Steve -- great blog. Really appreciate the art from the movie (or soundtrack of) Metropolitan. Very nice. When are Rachel's connections going to decide on Belmont?
I dunno Steve, I just dont think this race was that wide open. As the betting suggested it really was a toss up between the two best horses. If Mr. Sidney had been bet down below Bribon I would have gone with him instead. I also liked MPC based upon last years performance and figured he would get a peice. I agree with Patty- Mr. Sidney should be in the mix sooner rather than later. Based upon my figures, Smooth Air was an exacta lock.
Steve: I know that you are not responsible for the NYRA; and I've not been an NYRA basher here. But it's nine days before the Belmont as I type and I still do not have the reserved seats I ordered back whenever the first opportunity to order them was. I just called and the girl I spoke to acted as if this were normal. I know you don't get involved with mundane things like reserved seats even for yourself, but your customers do. The late distribution of these tickets is absurd. No one at NYRA will listen to what I have to say, but they might listen to you if you agree with me and put pressure on them on our behalf.
To Jack: The late odds changes are a real pain, but unless there is some kind of industry wide software change, I think it will continue to happen. To me, it is a combination of the "smart" money coming in late, and usually from big bettors. Batch betting has affected it as well, with PC users making multiple wagers and clicking just before the horses leave the gate. NYRA rewards users are in effect creating a batch as well, if they make several bets all in one transaction, and submit it seconds before post time. The most annoying part is that the odds change as the horses run down the backstretch. On the positive side, at least you were right about your 5-1 shot.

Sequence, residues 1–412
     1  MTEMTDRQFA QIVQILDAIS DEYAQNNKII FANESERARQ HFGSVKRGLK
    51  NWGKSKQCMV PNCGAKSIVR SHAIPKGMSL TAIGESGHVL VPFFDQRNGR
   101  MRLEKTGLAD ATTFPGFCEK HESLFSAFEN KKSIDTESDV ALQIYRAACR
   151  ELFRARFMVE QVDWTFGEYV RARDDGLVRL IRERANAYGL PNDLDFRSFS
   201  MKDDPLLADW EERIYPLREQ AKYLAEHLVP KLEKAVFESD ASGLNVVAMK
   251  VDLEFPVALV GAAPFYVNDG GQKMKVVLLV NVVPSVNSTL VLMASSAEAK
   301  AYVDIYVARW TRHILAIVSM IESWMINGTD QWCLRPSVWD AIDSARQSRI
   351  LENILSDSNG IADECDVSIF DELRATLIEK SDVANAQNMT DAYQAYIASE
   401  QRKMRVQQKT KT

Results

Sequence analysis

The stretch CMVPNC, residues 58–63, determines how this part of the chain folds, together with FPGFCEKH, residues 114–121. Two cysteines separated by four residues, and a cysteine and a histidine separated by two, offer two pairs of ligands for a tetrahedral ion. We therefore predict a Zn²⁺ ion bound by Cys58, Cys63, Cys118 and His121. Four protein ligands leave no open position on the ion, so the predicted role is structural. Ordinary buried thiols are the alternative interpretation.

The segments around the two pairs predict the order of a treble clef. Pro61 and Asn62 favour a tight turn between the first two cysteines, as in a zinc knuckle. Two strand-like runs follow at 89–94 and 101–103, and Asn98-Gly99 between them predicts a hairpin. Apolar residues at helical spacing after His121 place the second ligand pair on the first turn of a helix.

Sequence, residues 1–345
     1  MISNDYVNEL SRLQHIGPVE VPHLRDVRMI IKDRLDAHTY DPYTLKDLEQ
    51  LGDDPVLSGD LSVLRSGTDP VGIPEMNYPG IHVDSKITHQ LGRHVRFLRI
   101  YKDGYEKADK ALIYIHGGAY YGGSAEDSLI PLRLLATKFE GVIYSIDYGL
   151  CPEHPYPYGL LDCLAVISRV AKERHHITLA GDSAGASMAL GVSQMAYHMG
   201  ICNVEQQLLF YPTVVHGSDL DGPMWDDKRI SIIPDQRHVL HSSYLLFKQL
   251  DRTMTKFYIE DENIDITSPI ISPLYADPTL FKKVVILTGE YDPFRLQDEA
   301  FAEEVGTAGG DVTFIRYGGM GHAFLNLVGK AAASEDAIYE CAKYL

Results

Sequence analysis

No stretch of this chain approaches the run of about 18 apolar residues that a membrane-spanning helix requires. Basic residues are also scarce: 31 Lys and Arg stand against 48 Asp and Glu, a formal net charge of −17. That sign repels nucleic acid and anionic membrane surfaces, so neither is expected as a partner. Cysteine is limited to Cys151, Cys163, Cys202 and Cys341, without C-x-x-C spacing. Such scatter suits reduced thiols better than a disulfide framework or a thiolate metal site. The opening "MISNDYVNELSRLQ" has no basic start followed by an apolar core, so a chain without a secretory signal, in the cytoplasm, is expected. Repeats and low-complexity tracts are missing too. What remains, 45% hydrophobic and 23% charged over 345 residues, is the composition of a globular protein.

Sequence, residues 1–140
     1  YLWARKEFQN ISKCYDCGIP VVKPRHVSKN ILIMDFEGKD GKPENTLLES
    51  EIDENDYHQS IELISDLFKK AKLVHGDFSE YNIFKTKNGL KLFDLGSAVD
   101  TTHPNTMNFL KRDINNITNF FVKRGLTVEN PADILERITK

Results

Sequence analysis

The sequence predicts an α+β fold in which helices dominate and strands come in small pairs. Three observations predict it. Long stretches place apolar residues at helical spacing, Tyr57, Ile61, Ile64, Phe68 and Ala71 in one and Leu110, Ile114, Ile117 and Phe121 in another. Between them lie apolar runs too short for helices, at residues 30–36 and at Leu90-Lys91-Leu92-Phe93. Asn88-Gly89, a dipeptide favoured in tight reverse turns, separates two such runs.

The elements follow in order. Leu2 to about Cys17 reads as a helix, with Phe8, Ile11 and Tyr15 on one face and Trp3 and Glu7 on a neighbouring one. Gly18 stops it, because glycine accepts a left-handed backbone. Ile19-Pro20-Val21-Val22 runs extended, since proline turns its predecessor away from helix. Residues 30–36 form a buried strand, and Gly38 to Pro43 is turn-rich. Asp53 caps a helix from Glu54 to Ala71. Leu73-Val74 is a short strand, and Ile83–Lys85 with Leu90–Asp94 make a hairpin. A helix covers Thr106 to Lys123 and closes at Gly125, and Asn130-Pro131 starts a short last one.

Steve, Your ABC rank was interesting for the Met. I just went with the beyers and hit the tri and the super. Bribon and Smooth Air stood out to me and I took the chalk exacta and got the money the rest of the way. DRF's Closer Look got me on Driven By Success and Charlie. I love the Closer Look and I really believe it's a totally underated handicapping feature. Keep it up.
On the subject of undefeated horses, would any of you care to comment on Kincsem ? A strong knowledge of history is required to make any comparisons to Personal Ensign or Zenyatta. http://en.wikipedia.org/wiki/Kincsem
Jack- I frequent Mth and the story you tell is a familiar one. There is a TON of late money at Mth- oftentimes half the Win pool comes in the final minute. I haven't done a detailed study but based on observation the handle at Mth is highly correlated to the spacing of its races to NYRA's. So say if the Mth race goes off about 5 mins after Bel there will be a ton of late money coming in from both on and offtrack players who focus on NY as first preference.